The essential elements of fitness that help create a well-rounded paddler include cardiovascular endurance, strength, power, speed, balance and mobility. Before learning how to optimize these elements to paddle faster, we must understand the energy systems that help them function. Without properly training the energy systems, improvement on the water cannot be maximized and you will not paddle faster.
Isn’t that what every paddler want to do?
Muscles require energy to contract and perform. We cannot paddle faster, produce strength, power, speed, balance or mobility movements without our energy systems.
Paddling movements require a combination of aerobic (with oxygen) and anaerobic (without oxygen) exertion. Learning about the different systems the body uses for producing energy will help you understand the science behind the exercises we write about and the methods backing the Paddle Society customized training programs.
Three Systems For Energy
The body produces energy from three different systems: the ATP-CP system (without oxygen), the anaerobic lactic system (without oxygen) and the aerobic system (with oxygen). The ATP system is anaerobic and is used only for short intense bursts of up to about 15 seconds (race starts, passing, paddling into a draft train).
The anaerobic lactic system is used at a very high intensity for up to approximately 180 seconds and produces lactic acid (activated after about 15 seconds and can be used similarly to the ATP system in paddling).
The aerobic system uses oxygen to create energy and is used at lower intensity for long periods of time. The aerobic system is the main source of energy for the duration of any race longer than a sprint.
The aerobic system is the primary system used for paddling and requires the air you breathe to help create energy. The aerobic system takes longer to produce energy but it is the most efficient of the three energy systems. This system can use both carbs and fats to produce energy. It is important to realize a strong aerobic system will help you get through anaerobic exercises as well.
The duration of a paddling session puts a lot of stress on our aerobic system, therefore, the ability to do anaerobic work can be weakened because of poor aerobic capacity. It is best to begin your training season with a concentration on the aerobic system because it takes the longest to train and because the other two energy systems rely on a strong aerobic base. A solid aerobic system will help support the other energy systems as they develop. It takes three to four months to develop the aerobic system through high volume, low intensity paddling and cross training.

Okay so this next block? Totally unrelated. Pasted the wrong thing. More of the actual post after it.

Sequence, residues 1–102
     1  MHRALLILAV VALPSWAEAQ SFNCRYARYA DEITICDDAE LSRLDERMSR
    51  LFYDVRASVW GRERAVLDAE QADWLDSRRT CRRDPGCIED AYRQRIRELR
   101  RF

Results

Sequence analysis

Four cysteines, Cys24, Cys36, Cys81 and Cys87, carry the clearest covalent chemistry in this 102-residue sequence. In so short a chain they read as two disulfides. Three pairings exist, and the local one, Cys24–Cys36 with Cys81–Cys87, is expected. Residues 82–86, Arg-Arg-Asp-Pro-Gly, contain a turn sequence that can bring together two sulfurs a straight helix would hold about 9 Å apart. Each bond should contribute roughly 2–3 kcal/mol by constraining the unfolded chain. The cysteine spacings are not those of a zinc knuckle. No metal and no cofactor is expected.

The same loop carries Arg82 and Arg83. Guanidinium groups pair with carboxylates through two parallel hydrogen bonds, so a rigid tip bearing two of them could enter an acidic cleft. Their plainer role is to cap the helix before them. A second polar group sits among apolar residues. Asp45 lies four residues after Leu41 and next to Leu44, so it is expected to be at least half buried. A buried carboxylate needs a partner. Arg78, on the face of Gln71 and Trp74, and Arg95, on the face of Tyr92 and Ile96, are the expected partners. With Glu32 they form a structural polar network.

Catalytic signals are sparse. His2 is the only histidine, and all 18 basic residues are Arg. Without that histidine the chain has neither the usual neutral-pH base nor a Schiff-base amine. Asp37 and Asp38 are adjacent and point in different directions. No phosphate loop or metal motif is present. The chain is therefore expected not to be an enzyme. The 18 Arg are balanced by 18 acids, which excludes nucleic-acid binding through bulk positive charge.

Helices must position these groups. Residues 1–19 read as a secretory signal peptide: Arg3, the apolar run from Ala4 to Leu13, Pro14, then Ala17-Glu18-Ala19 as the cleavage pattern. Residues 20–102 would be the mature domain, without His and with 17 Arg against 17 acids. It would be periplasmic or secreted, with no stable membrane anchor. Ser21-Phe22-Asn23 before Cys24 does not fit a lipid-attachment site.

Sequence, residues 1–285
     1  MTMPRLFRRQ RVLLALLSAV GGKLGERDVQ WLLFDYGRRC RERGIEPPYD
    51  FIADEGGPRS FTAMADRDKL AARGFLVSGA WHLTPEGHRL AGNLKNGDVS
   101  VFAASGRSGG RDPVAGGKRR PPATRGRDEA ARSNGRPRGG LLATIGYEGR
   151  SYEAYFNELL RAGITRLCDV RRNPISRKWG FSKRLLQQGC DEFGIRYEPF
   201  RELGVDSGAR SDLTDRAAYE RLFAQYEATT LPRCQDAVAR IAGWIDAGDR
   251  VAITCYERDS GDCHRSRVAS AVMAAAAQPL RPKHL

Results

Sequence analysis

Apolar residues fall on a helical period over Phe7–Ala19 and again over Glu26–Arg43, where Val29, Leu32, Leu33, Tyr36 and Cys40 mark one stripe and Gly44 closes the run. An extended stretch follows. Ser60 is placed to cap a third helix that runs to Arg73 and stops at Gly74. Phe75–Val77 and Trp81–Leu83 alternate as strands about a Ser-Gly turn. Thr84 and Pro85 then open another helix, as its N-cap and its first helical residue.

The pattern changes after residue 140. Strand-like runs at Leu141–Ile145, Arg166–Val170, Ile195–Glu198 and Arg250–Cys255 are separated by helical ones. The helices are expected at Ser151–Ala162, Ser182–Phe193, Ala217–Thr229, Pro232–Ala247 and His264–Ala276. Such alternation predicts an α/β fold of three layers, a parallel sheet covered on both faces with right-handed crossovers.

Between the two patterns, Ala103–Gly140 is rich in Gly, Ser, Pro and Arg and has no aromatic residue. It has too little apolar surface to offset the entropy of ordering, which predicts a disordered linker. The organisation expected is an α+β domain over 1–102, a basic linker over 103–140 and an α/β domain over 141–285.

Anaerobic Lactic System
Once ATP is depleted through the first energy system, our bodies supply ATP through the lactic acid (LA) system. In this system the breakdown of glycogen helps to supply ATP. This process produces a waste substance known as lactic acid. You can thank this process for the burning sensation during exercise and the muscle stiffness you feel later.
This system can be trained with high intensity sprints between 30-130 seconds. The LA system takes about six to eight weeks of specific training to build up. Therefore, this is the next to the last system we want to concentrate on before a big race. Eight to twelve weeks leading up to a race is sufficient timing to start training the lactic acid system. We stress this system in order to make fitness gains during high intensity interval training.
Although the LA system is used for short bursts of speed, it can be critical to performance in long distance races. The start of a 10-mile race will be a time when paddlers are jockeying for position in the pack and establishing their place in the draft trains.
You will need a strong anaerobic base to help paddle faster at the start and obtain good positioning for the duration of the race. You will also use this system if you accelerate to make a pass, catch a bump or finish strong at the end of a race.
Anaerobic Alactic System (ATP-CP)
The ATP-CP is the fastest source of energy in our bodies but is depleted very quickly. We use this system for short bursts of speed such as at the start of a race, but it is never used for long periods. ATP is a compound necessary for our muscles to contract. Small amounts of ATP are stored in the muscles. For most exercises that last longer, another compound called creatine phosphate (CP) is used.
The only time this energy system is used alone is for quick sprints lasting less than 15 seconds. The ATP-CP system takes only two to three weeks to develop but is not used frequently in paddle racing. Since this system develops faster than the other energy systems, it might be best to emphasize it for only a few weeks before a major event, if at all. This system can be trained simultaneously with one or both of the other two systems.
Understanding Energy Systems to Paddle Faster Recap
Now that you’ve developed some basic knowledge about the energy systems, you will understand why our customized training programs start by training the aerobic system first. The aerobic system takes the longest to train and develop (three to four months.) The anaerobic systems, which take much less time to train, are focused on in the 8-12 weeks leading up to your race.
We don’t randomly choose to do long steady (aerobic) paddles at the start of your training program and then more high intensity (anaerobic) paddles closer to race day. There is very much a method to the madness to help you paddle faster.
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